Nelson Institute environmental conservation (EC) master’s student Carrie Lovelace has persevered through some of life’s toughest challenges while completing her degree. After beginning the program in summer 2020, Lovelace was diagnosed with Hodgkin’s lymphoma, a form of cancer that affects the lymphatic system. Despite taking time off from the program to manage her health, Lovelace’s passion for protecting the environment remains unwavering.
Lovelace was first introduced to the study of the environment while working towards her undergraduate degree at University of Wisconsin–Eau Claire. She studied political science with a minor in environment, society, and culture. Upon completing her undergraduate program in 2018, she accepted a position as an economic support specialist where she worked with elderly, blind, and disabled individuals to help them obtain social services and coordinate resources for them.
While she enjoyed her work in human services, Lovelace wanted to pursue her interest in conservation through the EC program. A few months into the program, she received her diagnosis. Following discussions with Meghan Kautzer, EC program manager, and Nathan Schulfer, director of international and professional programs, the best option for Lovelace was to take a leave of absence while undergoing chemotherapy and radiation.
“When I was ready to rejoin, Meghan and Nathan were beyond supportive,” she recalled. “They were really with me throughout the whole process. They were emailing and video chatting with me throughout my treatment. Their support was wonderful.”
After finishing treatment and reaching remission, Lovelace rejoined the program in fall of 2021 with a new cohort of students. Of the many transitions Lovelace needed to make, she noted the pivot from starting as a fully virtual student to being in person this year as both exciting and a good learning experience.
“The transition back into the program went pretty smoothly,” Lovelace said. “The cohort I joined was very welcoming and helped make that transition to in-person learning much easier.”
Lovelace noted that the program feels very well-rounded, emphasizing technical skills in geographic information systems (GIS) and conservation planning, as well as communication skills applicable to the field. She sees the program as a challenging but exciting opportunity to develop and refine her skills before entering her career.
“I’m enjoying the challenges of learning about GIS,” she explained. “I didn’t have any background knowledge [of GIS] going into this program and I really like learning and working through the challenges of picking up the skills.”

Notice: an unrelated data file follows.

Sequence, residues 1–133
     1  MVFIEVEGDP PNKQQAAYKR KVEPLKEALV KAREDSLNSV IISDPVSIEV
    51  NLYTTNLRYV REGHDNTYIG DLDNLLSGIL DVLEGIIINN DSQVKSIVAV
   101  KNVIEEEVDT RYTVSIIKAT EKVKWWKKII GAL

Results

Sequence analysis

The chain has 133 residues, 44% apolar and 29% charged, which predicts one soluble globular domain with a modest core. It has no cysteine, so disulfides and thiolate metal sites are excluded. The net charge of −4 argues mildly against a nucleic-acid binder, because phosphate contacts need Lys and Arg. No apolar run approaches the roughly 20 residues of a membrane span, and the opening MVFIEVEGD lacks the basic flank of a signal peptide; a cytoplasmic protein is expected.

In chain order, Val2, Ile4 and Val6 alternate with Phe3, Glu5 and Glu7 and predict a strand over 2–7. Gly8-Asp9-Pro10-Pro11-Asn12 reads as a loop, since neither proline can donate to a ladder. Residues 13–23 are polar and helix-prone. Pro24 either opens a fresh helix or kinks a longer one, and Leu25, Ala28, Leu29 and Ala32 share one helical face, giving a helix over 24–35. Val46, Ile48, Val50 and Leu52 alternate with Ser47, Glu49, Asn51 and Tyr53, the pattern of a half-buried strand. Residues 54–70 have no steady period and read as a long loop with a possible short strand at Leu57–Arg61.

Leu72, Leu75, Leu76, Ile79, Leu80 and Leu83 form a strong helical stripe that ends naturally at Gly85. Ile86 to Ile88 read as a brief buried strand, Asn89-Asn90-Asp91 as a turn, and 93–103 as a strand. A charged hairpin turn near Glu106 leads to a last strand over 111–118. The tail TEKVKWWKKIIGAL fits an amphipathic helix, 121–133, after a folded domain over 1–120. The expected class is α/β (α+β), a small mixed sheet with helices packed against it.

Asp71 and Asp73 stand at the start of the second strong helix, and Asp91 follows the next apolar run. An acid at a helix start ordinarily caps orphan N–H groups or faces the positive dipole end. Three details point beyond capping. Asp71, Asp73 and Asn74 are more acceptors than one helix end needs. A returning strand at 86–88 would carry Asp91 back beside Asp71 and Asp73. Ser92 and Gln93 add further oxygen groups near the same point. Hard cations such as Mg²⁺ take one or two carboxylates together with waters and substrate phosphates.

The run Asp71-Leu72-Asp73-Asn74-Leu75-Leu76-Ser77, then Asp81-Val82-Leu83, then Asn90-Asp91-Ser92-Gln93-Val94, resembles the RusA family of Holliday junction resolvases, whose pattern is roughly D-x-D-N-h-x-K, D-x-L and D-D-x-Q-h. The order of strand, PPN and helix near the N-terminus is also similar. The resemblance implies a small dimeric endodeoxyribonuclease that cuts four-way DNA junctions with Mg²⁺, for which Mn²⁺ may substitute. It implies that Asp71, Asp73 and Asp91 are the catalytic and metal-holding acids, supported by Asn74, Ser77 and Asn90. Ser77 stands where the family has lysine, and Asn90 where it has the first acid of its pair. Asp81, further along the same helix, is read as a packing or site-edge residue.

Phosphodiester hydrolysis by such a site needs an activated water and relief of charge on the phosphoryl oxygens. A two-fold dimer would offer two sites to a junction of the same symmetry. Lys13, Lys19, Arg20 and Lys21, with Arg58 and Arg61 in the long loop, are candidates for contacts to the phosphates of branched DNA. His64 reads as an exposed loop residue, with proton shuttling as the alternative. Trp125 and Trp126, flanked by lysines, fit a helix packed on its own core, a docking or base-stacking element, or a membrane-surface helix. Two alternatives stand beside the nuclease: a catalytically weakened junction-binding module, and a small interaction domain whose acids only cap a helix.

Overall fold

Lovelace explained that the technical aspect of GIS was the biggest hurdle to overcome, as she had little experience learning about technical systems prior to taking classes at the Nelson Institute.
Outside of the classroom, Lovelace is keeping busy by assisting Jessica Price, the City of Madison’s sustainability and resilience manager, in a sustainability project. Part of Mayor Satya Rhodes-Conway’s Climate Forward Agenda includes improving energy efficiency in naturally occurring affordable housing, or NOAH. Energy efficiency upgrades in NOAH saves energy, reduces greenhouse gas emissions, and lowers utility bills for low-income residents. Currently, the city works with two local non-profit partners, Sustain Dane and Elevate Energy, to provide energy efficiency upgrades in 100 NOAH units through the Efficiency Navigator program.
This summer, Lovelace is conducting research and policy analysis to help the City of Madison develop a strategic path to scale up and sustain this work. Lovelace is comparing policy strategies from cities across the U.S. that focus on improving energy efficiency in NOAH or similar housing stock and characterizing the state policy framework within which the city’s program must fit. Lovelace will provide recommendations for programs or policies that help advance energy efficiency in NOAH in the City of Madison.
“We’re so lucky to have Carrie on the team this summer. Carrie is helping us learn from other cities, understand the elements of successful energy efficiency policies and programs, and make strategic decisions,” said Jessica Price. “I’m excited to see where she takes this project!”
Lovelace hopes to bring about conservation and environmental resilience at the city or regional level in her future work. Further, she sees value in emphasizing environmental justice and representation in decision making to environmental issues, two core values she has gained through her time at the Nelson Institute.
“Part of why I like this program so much is because it opened up a lot of doors for me and I can choose where I want to go from here in a much broader sense because of what this program has taught me,” Lovelace said. “I’m very open to where my future takes me.”